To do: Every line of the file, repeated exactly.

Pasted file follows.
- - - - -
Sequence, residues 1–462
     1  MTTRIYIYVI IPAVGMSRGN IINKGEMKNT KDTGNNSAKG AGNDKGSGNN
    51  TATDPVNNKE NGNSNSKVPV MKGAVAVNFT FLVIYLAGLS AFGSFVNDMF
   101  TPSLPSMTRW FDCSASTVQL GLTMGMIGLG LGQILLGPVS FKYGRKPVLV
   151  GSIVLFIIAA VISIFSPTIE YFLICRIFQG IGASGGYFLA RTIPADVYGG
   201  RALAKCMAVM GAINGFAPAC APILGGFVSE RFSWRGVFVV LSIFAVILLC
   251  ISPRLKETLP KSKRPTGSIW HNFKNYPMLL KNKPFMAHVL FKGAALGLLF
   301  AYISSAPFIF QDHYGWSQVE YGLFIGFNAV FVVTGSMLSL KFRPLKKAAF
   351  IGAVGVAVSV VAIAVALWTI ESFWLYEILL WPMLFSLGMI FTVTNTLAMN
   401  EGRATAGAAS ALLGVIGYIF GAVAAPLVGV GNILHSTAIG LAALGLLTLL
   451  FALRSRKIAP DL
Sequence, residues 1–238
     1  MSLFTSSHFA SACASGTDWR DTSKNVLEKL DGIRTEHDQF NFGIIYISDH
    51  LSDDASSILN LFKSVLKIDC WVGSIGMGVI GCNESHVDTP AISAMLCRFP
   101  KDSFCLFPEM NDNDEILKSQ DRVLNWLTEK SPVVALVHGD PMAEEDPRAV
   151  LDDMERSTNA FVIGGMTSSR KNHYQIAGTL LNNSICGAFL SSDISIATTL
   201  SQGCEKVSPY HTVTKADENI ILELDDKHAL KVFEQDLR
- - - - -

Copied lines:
Sequence, residues 1–462
     1  MTTRIYIYVI IPAVGMSRGN IINKGEMKNT KDTGNNSAKG AGNDKGSGNN
    51  TATDPVNNKE NGNSNSKVPV MKGAVAVNFT FLVIYLAGLS AFGSFVNDMF
   101  TPSLPSMTRW FDCSASTVQL GLTMGMIGLG LGQILLGPVS FKYGRKPVLV
   151  GSIVLFIIAA VISIFSPTIE YFLICRIFQG IGASGGYFLA RTIPADVYGG
   201  RALAKCMAVM GAINGFAPAC APILGGFVSE RFSWRGVFVV LSIFAVILLC
   251  ISPRLKETLP KSKRPTGSIW HNFKNYPMLL KNKPFMAHVL FKGAALGLLF
   301  AYISSAPFIF QDHYGWSQVE YGLFIGFNAV FVVTGSMLSL KFRPLKKAAF
   351  IGAVGVAVSV VAIAVALWTI ESFWLYEILL WPMLFSLGMI FTVTNTLAMN
   401  EGRATAGAAS ALLGVIGYIF GAVAAPLVGV GNILHSTAIG LAALGLLTLL
   451  FALRSRKIAP DL
Sequence, residues 1–238
     1  MSLFTSSHFA SACASGTDWR DTSKNVLEKL DGIRTEHDQF NFGIIYISDH
    51  LSDDASSILN LFKSVLKIDC WVGSIGMGVI GCNESHVDTP AISAMLCRFP
   101  KDSFCLFPEM NDNDEILKSQ DRVLNWLTEK SPVVALVHGD PMAEEDPRAV
   151  LDDMERSTNA FVIGGMTSSR KNHYQIAGTL LNNSICGAFL SSDISIATTL
   201  SQGCEKVSPY HTVTKADENI ILELDDKHAL KVFEQDLR